But how do you balance your child's desire for independence with his need for safety and limits? This issue is one that doesn't go away as your child gets older, but continues to emerge. Think of sleepovers, extracurricular activities, teen dating, sports, and perhaps the scariest of all – handing over the car keys to your teen driver. The communication and relationship style you develop when your child is a preschooler will continue to inform your parenting for many years to come. Here are a few ideas to navigate the journey to independence with your child.
Tips to Help Preschool Children Develop Independence
• Pick your battles. If you find yourself butting heads with your preschooler, ask yourself, "Will this matter a year from now?" In many cases, it's okay – and even desirable – to let your preschooler make decisions. Parents always get the final say in matters of safety, health, and well-being, but your preschooler can help make many small decisions, such as which book to read at story time or which movie to watch at family movie night.
• Offer choices. One of the simplest ways to foster independence and help develop critical thinking skills in toddlers and preschoolers is by offering choices you both can live with. For example, many children love to choose what they'll wear each day, but still need a little guidance to make appropriate choices. Let your child pick her clothing, but set some boundaries, e.g., "It's cold outside so you need to wear pants or leggings."
• Provide flexibility within structure. Predictability and consistency help children feel safe, but rigidity can cause them to bristle. Maintain a schedule and let your child know what to expect. At the same time, be willing to make changes when necessary. For example, perhaps you have a rule that you eat dinner as a family with no television or devices on. This is a perfectly reasonable rule, but there's room for flexibility too. It's okay to move dinner back 15 minutes to let your child finish watching a favorite television program. These small gestures build a spirit of good will and cooperation within your family.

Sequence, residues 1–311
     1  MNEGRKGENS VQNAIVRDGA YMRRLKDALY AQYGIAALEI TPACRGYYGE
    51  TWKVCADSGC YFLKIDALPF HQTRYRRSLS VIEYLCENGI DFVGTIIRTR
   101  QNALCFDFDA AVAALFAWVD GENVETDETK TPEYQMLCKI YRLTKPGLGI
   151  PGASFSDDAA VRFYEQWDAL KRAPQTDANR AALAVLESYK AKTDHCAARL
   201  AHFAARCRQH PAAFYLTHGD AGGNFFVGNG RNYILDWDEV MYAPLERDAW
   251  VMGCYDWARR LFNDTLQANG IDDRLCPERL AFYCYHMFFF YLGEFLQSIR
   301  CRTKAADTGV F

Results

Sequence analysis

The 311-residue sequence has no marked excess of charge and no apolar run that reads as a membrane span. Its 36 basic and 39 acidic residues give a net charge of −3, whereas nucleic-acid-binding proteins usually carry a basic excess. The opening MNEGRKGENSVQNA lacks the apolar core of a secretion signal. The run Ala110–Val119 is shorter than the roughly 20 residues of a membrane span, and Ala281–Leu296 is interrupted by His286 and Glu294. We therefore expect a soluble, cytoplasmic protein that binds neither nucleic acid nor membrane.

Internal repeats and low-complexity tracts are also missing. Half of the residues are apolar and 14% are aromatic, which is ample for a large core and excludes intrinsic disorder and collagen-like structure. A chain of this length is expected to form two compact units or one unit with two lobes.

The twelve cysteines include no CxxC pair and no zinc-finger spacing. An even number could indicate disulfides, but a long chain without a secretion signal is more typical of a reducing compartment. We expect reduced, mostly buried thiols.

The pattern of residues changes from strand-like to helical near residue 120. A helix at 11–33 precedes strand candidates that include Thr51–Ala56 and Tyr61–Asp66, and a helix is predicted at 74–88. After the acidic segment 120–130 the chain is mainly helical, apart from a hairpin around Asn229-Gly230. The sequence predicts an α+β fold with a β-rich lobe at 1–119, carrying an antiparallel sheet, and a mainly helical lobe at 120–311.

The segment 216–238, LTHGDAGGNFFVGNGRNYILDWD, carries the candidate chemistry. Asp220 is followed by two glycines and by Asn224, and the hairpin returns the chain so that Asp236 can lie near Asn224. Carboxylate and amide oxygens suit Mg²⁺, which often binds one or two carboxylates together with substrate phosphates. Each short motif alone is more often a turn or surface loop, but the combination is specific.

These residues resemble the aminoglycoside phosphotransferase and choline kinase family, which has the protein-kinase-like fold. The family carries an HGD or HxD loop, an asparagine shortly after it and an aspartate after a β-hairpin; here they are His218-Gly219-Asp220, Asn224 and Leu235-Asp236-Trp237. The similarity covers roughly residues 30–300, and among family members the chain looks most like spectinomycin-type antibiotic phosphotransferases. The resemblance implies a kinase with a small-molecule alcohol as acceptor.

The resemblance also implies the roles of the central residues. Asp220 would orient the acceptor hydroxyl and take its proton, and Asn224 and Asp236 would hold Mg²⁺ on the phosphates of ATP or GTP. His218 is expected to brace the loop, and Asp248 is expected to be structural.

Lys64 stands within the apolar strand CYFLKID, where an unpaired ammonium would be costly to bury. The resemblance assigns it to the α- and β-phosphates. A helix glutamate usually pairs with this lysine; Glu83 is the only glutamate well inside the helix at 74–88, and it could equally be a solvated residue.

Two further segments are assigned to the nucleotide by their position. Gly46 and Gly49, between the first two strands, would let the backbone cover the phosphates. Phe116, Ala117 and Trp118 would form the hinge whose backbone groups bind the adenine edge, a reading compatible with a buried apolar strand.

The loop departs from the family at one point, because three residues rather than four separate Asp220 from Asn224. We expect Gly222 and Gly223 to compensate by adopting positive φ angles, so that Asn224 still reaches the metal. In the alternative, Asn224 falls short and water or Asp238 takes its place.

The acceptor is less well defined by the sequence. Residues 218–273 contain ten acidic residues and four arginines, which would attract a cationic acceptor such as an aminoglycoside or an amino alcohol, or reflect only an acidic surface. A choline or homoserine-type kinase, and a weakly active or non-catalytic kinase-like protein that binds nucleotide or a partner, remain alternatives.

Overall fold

• Support growth. Early childhood theorist, Lev Vygotsky, favored an approach of "scaffolding" children's growth to teach new skills. He suggested observing children to understand what skills they had already mastered, then working directly with them to learn a new, slightly more difficult skill. Perhaps your preschooler can put on his shirt and pants, but hasn't learned to put on shoes and socks. Encourage your child to learn these skills and practice together for several days. Soon your child will develop the new skill independently.
• Set up the environment for success. How your home is organized can make a big difference in your child's independence. Organize your home so your child knows where everything goes. Shoes and coat go in the mudroom, for instance. Toys go in marked bins in the playroom or bedroom. In the kitchen, keep plastic dishware down low and teach your child how to get a simple snack or cup of water.
Think about the experience of parenting as slowly releasing responsibility over time, starting when your child is in preschool. Your child should learn from an early age that you are her best advocate and cheerleader. At the same time, it's your job to keep her safe and healthy by setting reasonable limits. Mutual respect, understanding, and cooperation guide every interaction.